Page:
the weekly Torah reading by the faculty of
Dr. Amihai Nahshon
for Basic Jewish Studies and
The first part of this week’s reading opens with Esau's supposed
threat to Jacob’s welfare after Jacob returns from
The prophet Amos emphasizes that Esau is Jacob’s brother, a relationship which is mentioned elsewhere frequently.  After all, Esau and Jacob were twins (Gen. 25:23-26); calling them brothers attests to the positive relations that were expected of them in the various prophecies. But, as the prophecies about Edom indicate, this expectation was belied time and again, invoking G-d's wrath as described in various eschatological prophecies, including the haftarah for this week’s reading: “And no survivor shall be left of the House of Esau” (Ob. 1:18). 
Many of the prophecies for the end of days that describe
the demise of
Ezekiel calls the Edomites’ claim
to possess the land of Israel 'ne’atzot'
 and a
lot of words:
“You shall know that I the Lord have heard
all the taunts you uttered against the hills of Israel:
‘They have been laid waste; they have been
given to us as a prey.’ And you spoke
arrogantly against Me and multiplied your words against Me:
I have heard it” (Ezek. 35:12-13).
This reproach is said with respect to the
plan of the Edomites:
“Because you thought ‘The two nations and the two lands shall be mine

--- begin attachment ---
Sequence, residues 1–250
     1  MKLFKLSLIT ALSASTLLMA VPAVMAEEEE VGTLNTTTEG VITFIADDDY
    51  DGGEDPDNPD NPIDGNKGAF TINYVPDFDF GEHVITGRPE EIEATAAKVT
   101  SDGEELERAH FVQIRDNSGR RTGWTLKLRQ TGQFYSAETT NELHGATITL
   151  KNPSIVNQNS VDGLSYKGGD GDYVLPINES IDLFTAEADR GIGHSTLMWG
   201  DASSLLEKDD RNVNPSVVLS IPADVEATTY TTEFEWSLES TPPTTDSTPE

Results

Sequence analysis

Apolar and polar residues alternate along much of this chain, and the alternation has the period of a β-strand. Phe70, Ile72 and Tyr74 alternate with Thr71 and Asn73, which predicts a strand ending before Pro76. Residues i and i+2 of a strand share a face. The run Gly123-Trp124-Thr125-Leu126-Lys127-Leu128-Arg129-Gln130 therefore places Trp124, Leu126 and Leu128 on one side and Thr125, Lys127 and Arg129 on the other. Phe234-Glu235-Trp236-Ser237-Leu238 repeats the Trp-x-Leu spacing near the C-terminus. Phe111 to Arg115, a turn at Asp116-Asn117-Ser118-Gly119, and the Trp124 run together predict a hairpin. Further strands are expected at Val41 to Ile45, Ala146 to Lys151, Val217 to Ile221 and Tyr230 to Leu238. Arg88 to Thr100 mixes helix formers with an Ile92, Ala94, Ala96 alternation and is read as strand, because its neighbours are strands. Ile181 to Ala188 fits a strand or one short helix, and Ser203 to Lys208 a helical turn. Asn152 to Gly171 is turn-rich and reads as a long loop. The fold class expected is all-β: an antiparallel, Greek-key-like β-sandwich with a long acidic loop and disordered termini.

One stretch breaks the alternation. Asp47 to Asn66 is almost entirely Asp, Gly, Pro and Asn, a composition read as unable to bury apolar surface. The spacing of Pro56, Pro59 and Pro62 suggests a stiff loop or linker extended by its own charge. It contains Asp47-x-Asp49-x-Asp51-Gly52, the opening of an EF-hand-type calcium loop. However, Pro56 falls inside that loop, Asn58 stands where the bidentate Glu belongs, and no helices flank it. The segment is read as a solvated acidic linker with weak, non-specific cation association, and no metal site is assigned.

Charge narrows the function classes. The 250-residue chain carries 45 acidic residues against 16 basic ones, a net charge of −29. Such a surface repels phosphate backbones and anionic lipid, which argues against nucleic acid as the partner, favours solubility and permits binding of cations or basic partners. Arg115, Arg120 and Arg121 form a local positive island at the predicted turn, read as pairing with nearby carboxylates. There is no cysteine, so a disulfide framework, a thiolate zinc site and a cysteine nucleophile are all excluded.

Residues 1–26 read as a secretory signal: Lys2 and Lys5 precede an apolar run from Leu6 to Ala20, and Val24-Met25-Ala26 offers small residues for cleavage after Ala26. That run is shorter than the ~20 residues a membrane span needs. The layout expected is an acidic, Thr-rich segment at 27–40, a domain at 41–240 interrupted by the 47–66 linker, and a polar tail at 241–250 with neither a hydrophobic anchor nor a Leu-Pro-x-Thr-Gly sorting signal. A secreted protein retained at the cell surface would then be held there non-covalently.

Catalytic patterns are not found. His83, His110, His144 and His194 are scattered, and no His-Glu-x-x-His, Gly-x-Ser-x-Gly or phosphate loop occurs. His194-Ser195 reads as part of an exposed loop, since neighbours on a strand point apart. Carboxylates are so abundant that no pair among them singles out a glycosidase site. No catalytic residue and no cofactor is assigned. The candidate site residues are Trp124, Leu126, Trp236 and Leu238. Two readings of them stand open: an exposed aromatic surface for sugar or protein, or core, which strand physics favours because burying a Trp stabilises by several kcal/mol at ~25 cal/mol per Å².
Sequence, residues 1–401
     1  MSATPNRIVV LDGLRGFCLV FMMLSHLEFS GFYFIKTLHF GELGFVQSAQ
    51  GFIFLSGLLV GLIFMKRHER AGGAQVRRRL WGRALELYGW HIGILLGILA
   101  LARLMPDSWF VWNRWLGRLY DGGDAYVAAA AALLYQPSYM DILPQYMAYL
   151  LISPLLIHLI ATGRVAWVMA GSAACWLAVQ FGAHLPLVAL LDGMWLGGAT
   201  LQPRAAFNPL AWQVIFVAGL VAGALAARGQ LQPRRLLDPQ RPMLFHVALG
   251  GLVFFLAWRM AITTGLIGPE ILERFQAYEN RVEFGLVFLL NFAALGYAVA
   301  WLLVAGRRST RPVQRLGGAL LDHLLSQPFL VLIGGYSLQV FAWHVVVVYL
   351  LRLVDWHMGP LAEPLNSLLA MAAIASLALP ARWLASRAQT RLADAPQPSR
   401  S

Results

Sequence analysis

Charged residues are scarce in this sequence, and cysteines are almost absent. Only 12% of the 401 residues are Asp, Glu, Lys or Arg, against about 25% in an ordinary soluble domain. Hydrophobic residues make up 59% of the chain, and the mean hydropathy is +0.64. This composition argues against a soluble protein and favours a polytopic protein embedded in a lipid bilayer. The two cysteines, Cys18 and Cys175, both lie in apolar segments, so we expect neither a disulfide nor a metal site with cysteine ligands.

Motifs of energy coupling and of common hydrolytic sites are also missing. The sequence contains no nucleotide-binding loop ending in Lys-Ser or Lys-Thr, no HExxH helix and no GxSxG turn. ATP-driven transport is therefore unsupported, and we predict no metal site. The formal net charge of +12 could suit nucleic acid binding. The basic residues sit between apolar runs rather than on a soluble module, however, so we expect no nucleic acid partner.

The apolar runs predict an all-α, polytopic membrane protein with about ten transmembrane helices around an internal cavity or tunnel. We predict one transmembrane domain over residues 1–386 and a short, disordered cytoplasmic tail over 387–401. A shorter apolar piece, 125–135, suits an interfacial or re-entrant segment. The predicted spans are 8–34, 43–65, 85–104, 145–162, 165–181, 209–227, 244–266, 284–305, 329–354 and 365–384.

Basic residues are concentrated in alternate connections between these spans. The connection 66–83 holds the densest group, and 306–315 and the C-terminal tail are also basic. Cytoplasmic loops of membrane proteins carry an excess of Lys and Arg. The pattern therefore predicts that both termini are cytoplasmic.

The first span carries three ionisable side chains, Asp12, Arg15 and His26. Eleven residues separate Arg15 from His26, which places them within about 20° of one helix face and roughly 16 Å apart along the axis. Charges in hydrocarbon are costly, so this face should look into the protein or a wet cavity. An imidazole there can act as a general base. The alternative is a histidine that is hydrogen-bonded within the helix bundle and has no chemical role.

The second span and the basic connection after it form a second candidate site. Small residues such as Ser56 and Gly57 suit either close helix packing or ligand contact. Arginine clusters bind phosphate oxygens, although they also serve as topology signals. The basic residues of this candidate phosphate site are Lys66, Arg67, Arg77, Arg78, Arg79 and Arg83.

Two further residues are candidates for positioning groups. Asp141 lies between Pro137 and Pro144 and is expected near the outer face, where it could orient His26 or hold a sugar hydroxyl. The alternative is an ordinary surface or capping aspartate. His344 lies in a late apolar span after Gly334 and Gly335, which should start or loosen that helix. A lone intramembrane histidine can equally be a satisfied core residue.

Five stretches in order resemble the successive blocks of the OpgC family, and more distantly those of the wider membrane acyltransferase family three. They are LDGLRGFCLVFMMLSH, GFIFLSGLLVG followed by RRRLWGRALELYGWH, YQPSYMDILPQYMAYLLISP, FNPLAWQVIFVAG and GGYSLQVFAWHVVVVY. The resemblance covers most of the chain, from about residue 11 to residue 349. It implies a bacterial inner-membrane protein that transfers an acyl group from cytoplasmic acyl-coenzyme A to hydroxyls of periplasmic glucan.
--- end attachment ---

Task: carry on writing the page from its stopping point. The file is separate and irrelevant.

and we shall possess them’ – although the Lord was there” (Ezek.
35:10). In other words, the
Edomites thought that because the Israelites had been
exiled and the land laid waste, they could take possession of the
The prophet Malachi describes a vision of the end of days
in which the punishment by G-d will be overpoweringly fearsome.
His words however also relate to the initial
conflict between Esau and Jacob in our parasha:
“Esau is Jacob’s brother; yet I have accepted
Jacob” (Mal. 1:2). In this way the
connection between the historical attitude towards
Yisrael Yuval, Two Nations in Your Womb,
 In the
stories of Jacob and Esau, Esau is frequently called “brother” (
eg., Gen. 27:6, 41, 44; 32:3, 6).
In the narrative about the Israelites’
wandering in the wilderness it says, “From Kadesh,
Moses sent messengers to the king of
 See Isaiah 34, esp. verse 8; Isaiah 63:1-6; Jeremiah 49:7-22, and elsewhere.
 For a detailed overview of such studies, see my doctoral dissertation, p. 67, note 375; other aspects are covered in Eli Assis, “Why Edom? On the Hostility towards Jacob’s Brother in Prophetic Sources,” VT 51 (2006), pp. 1-20.
similar accusation appears in Psalms:
“Remember, O Lord, against the Edomites the
 The Hebrew word ni’utz means to hold in contempt, to scorn. The root n-’ – tz is used in similar fashion to the Akkadian nāşû. In Psalms, scorning is ascribed to the wicked (Ps. 10:13; 74:10, 18). In some scriptural passages it is applied to those who rebel against G-d; for example, Num. 11:11, 23; Num. 16:30; Deut. 31:20; I Sam. 2:17. Hence, the harsh contempt that is placed in the words of the enemy regarding the Lord is tantamount to rebellion against Him.
 Arrogance attests to an attempt to insult G-d with words. This is similar to the words of the Psalmist, “May the Lord cut off all flattering lips, every tongue that speaks arrogance. The say, ‘By our tongues we shall prevail; with lips such as ours, who can be our master?’” (Ps. 12:4-5).
 This expression means use of many words. Similar uses of ribu’i (meaning many, much) are the expressions ribu’i ashan, rendered as a “thick cloud of smoke” (Ezek. 8:11), and ribu’i neshikot, rendered as “profuse kisses” (Prov. 27:6).
 Olam ha-Tanakh, Ezekiel, Tel Aviv 1997, p. 180.
Greenberg, Ezekiel, 21-